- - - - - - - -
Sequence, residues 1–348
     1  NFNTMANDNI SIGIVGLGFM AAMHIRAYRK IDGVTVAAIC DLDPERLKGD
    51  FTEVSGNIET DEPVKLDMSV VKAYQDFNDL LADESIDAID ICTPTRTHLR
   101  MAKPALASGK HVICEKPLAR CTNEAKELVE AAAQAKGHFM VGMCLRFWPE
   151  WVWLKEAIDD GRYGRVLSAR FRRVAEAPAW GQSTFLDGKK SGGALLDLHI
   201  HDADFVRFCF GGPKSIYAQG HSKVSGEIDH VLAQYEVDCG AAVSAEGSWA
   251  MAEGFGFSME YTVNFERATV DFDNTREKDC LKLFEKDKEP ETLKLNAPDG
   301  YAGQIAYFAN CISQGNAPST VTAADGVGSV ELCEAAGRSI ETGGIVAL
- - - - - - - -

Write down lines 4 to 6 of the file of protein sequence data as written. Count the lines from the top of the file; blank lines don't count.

   101  MAKPALASGK HVICEKPLAR CTNEAKELVE AAAQAKGHFM VGMCLRFWPE
   151  WVWLKEAIDD GRYGRVLSAR FRRVAEAPAW GQSTFLDGKK SGGALLDLHI
   201  HDADFVRFCF GGPKSIYAQG HSKVSGEIDH VLAQYEVDCG AAVSAEGSWA